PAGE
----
2017 Club Motori Italia Lufra Hillclimb
One of Tasmania's main Italian car clubs, Club Motori Italia (CMI - http://cmitas.org/blog/), stages an annual hill climb that kicks off from the Lufra Hotel - at Eagle Hawk Neck, between Hobart and the once notorious penal settlement of Port Arthur - on the beautiful Tasman Peninsula. 'The Lufra', as it's simply known to southern Tasmanians, sits just above the Tessellated Pavement, a natural rock formation that bears a remarkable resemblance to a cobbled street and forms the northern end of the Pirates Bay beach.
It was against this magnificent backdrop that CMI hosted its third such event on a changeable Saturday in mid-August, 2017. The weather was, as is so often the case in Tasmania, sunny and warm, rainy and wet, and still and windy, all within one short morning. This made for some interesting motor sport, to say the least!
The Lufra hill climb is more than just a race, though; the event is a regularity trial, meaning that drivers must nominate a time within which they believe they will be able to consistently complete the course over several runs. The winner is the driver whose times are, on average, the closest to that which they nominated. As a result, all cars are evenly matched and all-out speed is not necessarily an advantage. However, that's not to say that some drivers don't set some ambitious target times!
The morning had a lovely village fair feel to it, with competitors' cars - everything from early Jaguars, an AC, a BMW, a Triumph Dolomite Sprint, an SLR Torana, a Porsche replica, Lotuses, a P510 Datsun, a Fiat, an Alfa and a Riley, through to contemporary Subarus, Nissans, a Suzuki, a Mazda and a Renault - lined up along the road in front of the Lufra and in its car park. There was also a beautiful display of classic cars, trucks and buses. Competitors, officials and spectators milled about admiring the vehicles and soaking up a moment in the sun.
Competition began while the sun was still shining, allowing drivers a quick run along the winding, fairly sharply ascending section of Pirates Bay Drive that had been set aside for the event. The course ended at the scenic lookout just short of the Arthur Highway.
It was clear from the sound of the screaming engines and the sight of gravel spitting from the cars' wheels that, regularity event or not, the competitors were intent on enjoying the freedom to push their skills to the max that only closed-roads can provide. It didn't matter what sort of car was being used, either; valuable classics and contemporary thrash-packs alike were driven enthusiastically and well, providing a great spectacle for the spectators.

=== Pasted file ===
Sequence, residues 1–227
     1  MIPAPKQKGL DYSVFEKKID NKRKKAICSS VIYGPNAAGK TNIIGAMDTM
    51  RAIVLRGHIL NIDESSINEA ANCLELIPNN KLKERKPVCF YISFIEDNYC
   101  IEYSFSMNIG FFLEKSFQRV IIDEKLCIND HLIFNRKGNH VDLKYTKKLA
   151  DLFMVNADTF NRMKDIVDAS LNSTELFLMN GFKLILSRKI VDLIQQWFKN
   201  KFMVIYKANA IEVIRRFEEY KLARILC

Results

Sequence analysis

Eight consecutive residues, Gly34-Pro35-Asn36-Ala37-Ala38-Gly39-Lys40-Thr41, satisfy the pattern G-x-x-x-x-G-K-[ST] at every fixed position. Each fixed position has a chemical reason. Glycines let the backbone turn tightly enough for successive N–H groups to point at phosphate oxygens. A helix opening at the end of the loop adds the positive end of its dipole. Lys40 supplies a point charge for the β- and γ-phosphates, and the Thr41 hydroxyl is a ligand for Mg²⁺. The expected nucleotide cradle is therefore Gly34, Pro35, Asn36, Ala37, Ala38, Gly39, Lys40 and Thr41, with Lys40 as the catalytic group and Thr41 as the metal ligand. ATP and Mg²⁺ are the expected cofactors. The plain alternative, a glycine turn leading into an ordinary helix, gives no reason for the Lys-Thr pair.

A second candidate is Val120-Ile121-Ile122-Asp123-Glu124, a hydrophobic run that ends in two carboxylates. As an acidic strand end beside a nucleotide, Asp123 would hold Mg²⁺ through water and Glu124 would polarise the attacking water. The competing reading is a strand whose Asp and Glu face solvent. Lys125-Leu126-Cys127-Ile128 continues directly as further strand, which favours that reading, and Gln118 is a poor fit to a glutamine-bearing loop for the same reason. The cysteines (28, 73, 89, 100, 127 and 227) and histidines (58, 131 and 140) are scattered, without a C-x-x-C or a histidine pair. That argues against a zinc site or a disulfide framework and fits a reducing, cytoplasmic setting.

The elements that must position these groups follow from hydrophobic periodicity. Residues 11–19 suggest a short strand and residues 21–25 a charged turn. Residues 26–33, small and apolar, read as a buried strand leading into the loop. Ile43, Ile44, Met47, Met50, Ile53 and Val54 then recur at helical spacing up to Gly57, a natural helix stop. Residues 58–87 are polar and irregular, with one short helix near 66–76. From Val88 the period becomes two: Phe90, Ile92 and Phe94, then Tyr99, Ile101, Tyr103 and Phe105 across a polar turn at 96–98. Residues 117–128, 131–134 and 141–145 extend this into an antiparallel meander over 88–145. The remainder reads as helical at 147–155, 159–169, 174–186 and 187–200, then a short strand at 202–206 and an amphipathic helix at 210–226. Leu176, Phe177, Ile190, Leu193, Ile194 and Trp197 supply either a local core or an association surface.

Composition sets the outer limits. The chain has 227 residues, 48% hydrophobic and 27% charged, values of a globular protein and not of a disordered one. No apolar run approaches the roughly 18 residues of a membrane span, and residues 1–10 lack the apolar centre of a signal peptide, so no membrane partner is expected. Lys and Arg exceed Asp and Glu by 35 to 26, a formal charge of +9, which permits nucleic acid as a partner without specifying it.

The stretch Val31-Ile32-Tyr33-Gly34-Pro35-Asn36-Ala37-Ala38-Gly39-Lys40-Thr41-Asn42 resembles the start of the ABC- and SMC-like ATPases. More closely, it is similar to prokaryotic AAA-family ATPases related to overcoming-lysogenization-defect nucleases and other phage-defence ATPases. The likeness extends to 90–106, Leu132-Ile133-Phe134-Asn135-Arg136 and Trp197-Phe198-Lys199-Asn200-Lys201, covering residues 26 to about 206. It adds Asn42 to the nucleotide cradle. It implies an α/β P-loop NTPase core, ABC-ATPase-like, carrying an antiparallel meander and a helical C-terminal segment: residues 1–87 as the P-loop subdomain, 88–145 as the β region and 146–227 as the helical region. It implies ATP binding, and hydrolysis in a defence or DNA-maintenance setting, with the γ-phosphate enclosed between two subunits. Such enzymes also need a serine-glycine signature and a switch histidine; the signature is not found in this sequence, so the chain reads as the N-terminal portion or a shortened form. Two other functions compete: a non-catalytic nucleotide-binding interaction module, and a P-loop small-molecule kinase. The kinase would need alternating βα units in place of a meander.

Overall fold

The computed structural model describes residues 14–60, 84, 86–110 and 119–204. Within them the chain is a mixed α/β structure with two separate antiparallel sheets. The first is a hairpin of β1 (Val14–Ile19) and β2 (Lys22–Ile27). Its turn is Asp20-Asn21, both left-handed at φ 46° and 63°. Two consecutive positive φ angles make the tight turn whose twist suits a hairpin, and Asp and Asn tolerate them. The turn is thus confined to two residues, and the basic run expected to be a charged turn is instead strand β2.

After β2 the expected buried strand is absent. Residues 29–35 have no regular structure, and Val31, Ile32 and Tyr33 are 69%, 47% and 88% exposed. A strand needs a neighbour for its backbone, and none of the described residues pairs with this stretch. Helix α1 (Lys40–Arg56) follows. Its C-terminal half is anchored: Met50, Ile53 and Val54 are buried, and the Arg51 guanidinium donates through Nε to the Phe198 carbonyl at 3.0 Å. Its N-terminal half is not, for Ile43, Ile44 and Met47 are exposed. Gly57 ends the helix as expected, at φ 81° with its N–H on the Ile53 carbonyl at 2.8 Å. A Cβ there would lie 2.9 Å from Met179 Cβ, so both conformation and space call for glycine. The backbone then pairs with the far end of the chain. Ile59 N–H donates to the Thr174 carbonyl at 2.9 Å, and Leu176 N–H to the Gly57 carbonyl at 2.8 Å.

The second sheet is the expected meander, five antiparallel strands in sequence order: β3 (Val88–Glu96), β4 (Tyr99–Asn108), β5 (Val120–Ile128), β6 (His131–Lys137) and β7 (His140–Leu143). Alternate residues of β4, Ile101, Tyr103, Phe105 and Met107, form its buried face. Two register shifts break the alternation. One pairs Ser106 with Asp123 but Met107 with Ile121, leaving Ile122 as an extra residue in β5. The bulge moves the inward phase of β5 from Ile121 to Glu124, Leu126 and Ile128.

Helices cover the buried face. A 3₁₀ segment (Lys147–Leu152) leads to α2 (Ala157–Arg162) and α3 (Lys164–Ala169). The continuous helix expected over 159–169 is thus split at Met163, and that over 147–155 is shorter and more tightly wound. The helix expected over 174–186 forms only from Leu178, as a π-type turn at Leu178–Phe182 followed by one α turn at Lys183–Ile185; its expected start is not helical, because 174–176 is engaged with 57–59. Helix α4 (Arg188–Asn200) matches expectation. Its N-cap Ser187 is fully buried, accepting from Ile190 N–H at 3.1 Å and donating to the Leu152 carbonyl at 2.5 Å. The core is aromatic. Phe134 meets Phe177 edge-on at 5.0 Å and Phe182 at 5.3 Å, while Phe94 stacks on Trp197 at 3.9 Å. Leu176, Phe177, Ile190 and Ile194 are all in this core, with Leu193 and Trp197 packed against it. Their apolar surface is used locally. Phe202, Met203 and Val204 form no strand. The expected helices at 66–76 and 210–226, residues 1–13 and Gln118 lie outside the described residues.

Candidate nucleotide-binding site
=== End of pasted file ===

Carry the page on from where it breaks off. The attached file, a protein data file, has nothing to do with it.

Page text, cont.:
Unfortunately, the following two photos are the last we're likely we're to see of motor sport stalwart Herby Burgess' long-campaigned MGB for a while, as he fell victim to a slippery wet patch immediately after this bend and rolled the car. It was a tense moment for officials and spectators alike but, fortunately, Herby emerged shaken but uninjured and talking up the benefits of roll-over protection. He was heard to say this wasn't the first time he'd skidded down the road wrong way up, so it's reasonable to suggest he knows what he's talking about!
The following images, with Herby dressed in orange, show the aftermath of the prang. The flattened windscreen shows just how close the roadway must have come to his helmeted head. However, after a little gentle massaging of the bodywork, he managed to drive the car back to the Lufra where he winched it onto its trailer.
Work beckoned for UMPH, meaning that he had to leave straight after the crash. Therefore, he can't say who won the event or if anything else happened during the remaining runs, but there's a link to the CMI's Facebook page at the top of this article that includes the day's results.
He can, however, say that it was a great day out and that he'll be back next year. He hopes to see you there, too.
U M P H